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It is sometimes quipped that democracy is like two wolves and a lamb voting on dinner. This Darwinian image of vulnerable minorities falling prey to a “tyranny of the majority” is why few believe that democracy can be reduced to participation in elections. If democracy has value it is because it allows people to have a meaningful say in the rules that govern them. Anything that precludes or impairs this “voice” is anti-democratic by extension.
The Idle No More Indigenous rights movement is a democratic movement par excellence. It seeks to challenge those mechanisms of Canadian governance that preside over the lives of Indigenous peoples and in this sense their demand for self-government — what ancient Greek theorists called “autonomy,” from auto (self) and nomos (rule) — is a genuinely democratic aspiration. Canadians are coming to see this more clearly as the movement articulates its recommendations. (No surprise, then, that “Idle No More” was just voted ‘Best Democratic Moment of 2012‘ in a poll conducted by the research group on democracy, Samara.)
What exactly precludes and impairs the autonomy of Indigenous peoples? The Indian Act stands out as the most glaringly anti-democratic impediment to self-government. Not simply because it shatters the 60 or so original Indigenous nations along with their traditional governments and traditional territories into the 614 arbitrary “bands” now scattered across Canada on tiny “reserves,” but also because band leadership has no real say in political and legislative life on those reserves.
Although they are elected, Chief and Council have no democratic authority to govern because they are constrained from above by the Indian Act rather than below by their people. They are replaceable managers, in essence, not law-makers. Real authority resides in the enforcement of the Indian Act by Aboriginal Affairs and Northern Development Canada. The whole arrangement is insultingly arbitrary from a democratic perspective.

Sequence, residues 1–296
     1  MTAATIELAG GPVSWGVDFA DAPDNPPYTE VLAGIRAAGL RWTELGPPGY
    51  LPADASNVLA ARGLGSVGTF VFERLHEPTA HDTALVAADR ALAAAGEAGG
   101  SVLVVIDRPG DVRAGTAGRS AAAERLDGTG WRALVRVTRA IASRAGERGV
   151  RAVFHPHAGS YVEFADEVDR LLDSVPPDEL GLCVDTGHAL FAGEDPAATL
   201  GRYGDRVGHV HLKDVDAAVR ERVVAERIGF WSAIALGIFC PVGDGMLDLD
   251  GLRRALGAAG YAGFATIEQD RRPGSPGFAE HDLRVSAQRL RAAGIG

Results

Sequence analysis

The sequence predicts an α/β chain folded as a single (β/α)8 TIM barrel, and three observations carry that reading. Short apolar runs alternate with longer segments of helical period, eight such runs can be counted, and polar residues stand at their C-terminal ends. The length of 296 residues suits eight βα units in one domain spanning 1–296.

Thus, the Indian Act preserves only the barest semblance of Indigenous autonomy. And while no one denies that scrapping it is a necessary step, it is also clear that some substantive allowances for self-government need to be installed in its place if we are to keep the wolves at bay.
Why does the Indian Act need to be replaced rather than simply abandoned? It has to do with the fact that the anti-democratic “tyranny of the majority” problem requires that certain protections be written into our laws and Constitutions. The democratic autonomy of most Canadians — our ability to live freely as Canadians and have a say in the rules that govern us — is secured through the recognition of rights outlined in the Charter of Rights and Freedoms. Because Indigenous peoples are part of distinct nations, their right to live as Indigenous peoples is located not in the Charter but in Sec. 35(1) of the Canadian Constitution, which reads “The existing aboriginal and treaty rights of the aboriginal peoples of Canada are hereby recognized and affirmed.”
It is important that Canada recognize Aboriginal and treaty rights because they are needed to guard vulnerable communities and their lands against the obtuse majoritarian logic that motivates both electoral Canadian politics and the free market economy. It doesn’t take a political scientist to recognize that when governments or corporations do nothing more than add up the most prevalent private preferences of citizens the resulting policy is likely to be both blunt and ruthless. This is why scrapping the Indian Act is only a partial measure, one that is necessary for clearing space for democracy but does little to flesh out Sec. 35(1) in ways that secure that new space from circling wolves that are hungry for land and natural resources. (The Royal Commission Report on Aboriginal Peoples, published in 1996 and then shelved, has recommendations for executing this transition.)
A growing number of Canadians are awakening to the realization that the checks and balances entailed by Indigenous self-government would benefit Canadians as well, over and above the long overdue boost in democratic legitimacy that Canada would enjoy by finally acknowledging its Constitutional commitments.
When an aggregate majority of voters or consumers demands that a pit-mine be built on a native grave-site or that a lake full of fish be drowned in industrial effluent, self-governing Indigenous communities whose well-being depends on the sanctity and health of the land provide a crucial last line of defence. In this way, Indigenous governance serves the collective good of all Canadians rather than just the private preferences of individuals constituting an crude anti-democratic majority.
In rejecting the Indian Act and demanding a genuine form of democratic self-government protected from the lupine appetites of political and economic majorities, the Idle No More movement presents Canada with an opportunity to realize the promise of democracy enshrined in its own Constitution.